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CPL's Maker Lab

Chicago Public Library, IL

Contact: Andrea Sáenz,


Chicago Public Library’s Maker Lab provides an access point for any Chicagoan to learn about and use cutting edge tools in design and fabrication in a collaborative and welcoming setting. As Chicago’s only free makerspace, the Lab serves as a gateway to exploring the growing hacker/maker movement and community. The Maker Lab team coordinates workshops that focus on everything from origami to Arduino-powered robotic knitting as it helps participatory learning communities and new technology. The space allows the Library to introduce adults to digital design and fabrication, explore STEAM themes and concepts; offers mentor-led structured programming; hosts daily open shop hours where participants work alone or collaboratively; and interactive workshops where users work together to design and solve problems. The Lab serves as a bridge into making for 2,400 visitors each week, including students, entrepreneurs, retirees, inventors, designers, hobbyists and those who are simply curious. 

CPL complements services offered by local fee-based makerspaces, universities, museums and others by leveraging community members’ expertise as instructors and building relationships among Maker Lab participants that reach beyond the walls of the library. Maker Lab programming includes visits to explore other spaces in Chicago’s maker ecosystem and “pop up” Maker Labs in neighborhood libraries, parks and schools. Many Maker Lab participants are deciding to join these or pursue new career and educational opportunities as a result of the networks and insights gained at CPL’s Maker Lab:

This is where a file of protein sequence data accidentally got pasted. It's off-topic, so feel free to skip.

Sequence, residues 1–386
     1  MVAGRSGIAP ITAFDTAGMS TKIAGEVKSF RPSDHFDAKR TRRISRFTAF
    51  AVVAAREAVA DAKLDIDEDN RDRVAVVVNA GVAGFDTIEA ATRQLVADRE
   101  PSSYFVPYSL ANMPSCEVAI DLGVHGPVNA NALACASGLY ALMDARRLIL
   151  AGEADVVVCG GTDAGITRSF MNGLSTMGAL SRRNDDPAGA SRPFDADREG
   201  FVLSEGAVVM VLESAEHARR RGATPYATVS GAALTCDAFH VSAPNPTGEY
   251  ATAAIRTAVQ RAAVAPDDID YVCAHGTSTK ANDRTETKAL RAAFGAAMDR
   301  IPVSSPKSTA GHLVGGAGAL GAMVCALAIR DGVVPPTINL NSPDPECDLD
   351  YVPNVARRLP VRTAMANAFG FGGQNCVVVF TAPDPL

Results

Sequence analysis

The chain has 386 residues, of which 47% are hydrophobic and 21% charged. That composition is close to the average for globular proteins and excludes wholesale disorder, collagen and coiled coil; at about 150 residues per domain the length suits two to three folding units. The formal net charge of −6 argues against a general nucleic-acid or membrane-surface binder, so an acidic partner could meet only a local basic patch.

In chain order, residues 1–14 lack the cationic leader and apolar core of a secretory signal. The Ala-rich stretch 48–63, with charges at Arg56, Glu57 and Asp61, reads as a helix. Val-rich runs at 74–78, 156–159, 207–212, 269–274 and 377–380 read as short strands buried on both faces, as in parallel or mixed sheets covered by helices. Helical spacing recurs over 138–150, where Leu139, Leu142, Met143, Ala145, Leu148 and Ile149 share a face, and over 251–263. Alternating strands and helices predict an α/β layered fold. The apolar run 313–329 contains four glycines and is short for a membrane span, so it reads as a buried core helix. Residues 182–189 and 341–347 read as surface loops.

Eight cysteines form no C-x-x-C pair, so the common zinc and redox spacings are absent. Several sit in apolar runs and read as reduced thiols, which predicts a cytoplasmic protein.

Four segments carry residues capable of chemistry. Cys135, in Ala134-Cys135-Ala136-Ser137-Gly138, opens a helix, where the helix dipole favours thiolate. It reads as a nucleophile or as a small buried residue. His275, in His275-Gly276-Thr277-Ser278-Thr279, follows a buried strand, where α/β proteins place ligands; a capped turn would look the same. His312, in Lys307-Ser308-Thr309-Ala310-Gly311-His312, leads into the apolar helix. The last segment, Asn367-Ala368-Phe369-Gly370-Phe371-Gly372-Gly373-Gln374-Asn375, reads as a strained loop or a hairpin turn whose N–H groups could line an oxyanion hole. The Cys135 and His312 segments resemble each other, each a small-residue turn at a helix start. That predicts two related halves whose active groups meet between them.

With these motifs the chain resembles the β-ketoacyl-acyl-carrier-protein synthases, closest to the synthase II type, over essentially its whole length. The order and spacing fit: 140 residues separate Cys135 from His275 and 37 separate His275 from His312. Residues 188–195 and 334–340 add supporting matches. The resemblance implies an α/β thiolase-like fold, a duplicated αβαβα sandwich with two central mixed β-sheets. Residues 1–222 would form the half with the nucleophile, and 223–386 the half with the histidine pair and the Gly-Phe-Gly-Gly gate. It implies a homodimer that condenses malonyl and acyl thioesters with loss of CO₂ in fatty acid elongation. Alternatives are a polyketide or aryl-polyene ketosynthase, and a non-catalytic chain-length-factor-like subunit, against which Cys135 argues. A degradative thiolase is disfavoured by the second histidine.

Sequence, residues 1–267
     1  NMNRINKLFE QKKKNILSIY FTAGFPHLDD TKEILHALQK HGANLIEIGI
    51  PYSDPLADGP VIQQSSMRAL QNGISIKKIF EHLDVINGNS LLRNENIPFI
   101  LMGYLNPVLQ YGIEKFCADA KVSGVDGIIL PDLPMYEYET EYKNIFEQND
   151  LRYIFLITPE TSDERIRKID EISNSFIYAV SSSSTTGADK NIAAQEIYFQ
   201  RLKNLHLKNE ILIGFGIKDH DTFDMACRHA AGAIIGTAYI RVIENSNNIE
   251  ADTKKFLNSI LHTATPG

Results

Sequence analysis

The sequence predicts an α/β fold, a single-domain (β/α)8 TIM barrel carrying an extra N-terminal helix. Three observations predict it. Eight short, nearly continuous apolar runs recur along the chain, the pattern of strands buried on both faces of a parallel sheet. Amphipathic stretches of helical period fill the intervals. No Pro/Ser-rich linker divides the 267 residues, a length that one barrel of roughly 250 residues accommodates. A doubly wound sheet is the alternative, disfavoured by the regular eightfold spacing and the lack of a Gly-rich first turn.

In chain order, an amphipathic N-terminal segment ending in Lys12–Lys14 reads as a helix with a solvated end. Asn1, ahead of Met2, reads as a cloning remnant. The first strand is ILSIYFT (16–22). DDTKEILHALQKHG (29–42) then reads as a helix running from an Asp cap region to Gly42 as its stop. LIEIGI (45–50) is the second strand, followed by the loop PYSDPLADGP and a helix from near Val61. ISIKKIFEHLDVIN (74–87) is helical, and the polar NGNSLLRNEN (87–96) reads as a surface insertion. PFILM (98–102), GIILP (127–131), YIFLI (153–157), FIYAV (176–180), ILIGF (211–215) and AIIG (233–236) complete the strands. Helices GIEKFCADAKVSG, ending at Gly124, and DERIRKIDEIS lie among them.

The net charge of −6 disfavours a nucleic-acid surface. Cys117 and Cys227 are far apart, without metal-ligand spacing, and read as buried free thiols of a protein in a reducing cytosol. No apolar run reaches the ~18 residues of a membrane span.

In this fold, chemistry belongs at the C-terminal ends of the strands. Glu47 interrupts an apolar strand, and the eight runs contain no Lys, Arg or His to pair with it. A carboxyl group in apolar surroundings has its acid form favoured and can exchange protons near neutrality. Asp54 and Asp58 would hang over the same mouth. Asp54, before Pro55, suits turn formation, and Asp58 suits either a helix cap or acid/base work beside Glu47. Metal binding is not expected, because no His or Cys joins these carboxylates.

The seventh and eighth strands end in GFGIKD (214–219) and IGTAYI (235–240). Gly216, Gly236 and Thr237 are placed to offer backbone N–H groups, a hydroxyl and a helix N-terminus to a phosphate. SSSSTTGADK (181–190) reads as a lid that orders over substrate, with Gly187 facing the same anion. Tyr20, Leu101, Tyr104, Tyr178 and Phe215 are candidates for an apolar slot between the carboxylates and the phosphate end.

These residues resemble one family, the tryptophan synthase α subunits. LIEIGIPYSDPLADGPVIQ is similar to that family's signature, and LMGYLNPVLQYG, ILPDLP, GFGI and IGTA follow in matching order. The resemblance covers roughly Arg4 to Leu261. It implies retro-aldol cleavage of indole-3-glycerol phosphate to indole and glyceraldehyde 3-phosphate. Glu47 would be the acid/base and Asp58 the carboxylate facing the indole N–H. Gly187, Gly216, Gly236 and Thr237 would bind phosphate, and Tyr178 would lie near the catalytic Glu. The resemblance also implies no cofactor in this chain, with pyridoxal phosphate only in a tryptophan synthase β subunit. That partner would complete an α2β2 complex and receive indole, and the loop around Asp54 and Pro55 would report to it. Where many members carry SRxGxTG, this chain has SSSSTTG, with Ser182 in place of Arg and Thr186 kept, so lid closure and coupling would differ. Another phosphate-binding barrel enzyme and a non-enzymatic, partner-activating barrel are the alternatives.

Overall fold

Chicago Public Library has provided services that appeal to an extremely diverse adult audience across gender, ages, cultures, education levels and varied personal interests. For example, two-thirds of participants the Maker Lab’s Digital Toolbox classes have been women. Generally, the Maker Lab has created a strong and inclusive participatory learning community in the Library and around Chicago.  Through regular surveys, Maker Lab participants have reported:

  • Improved ability to use digital design software, such as Inkscape and Sketchup
  • Improved ability to use digital fabrication technology, such as 3D printers and vinyl cutters
  • They made something while in the Lab, thereby boosting their creative confidence
  • They worked collaboratively in the Lab, thereby creating a greater sense of belonging
  • Increased understanding of the maker movement, the technologies they employ and improved connection to the Chicagoland hacker/maker community and spaces
  • Plans to pursue the creative and career interests fostered by the Maker Lab through enrollment in classes, membership in makerspaces or self-directed study.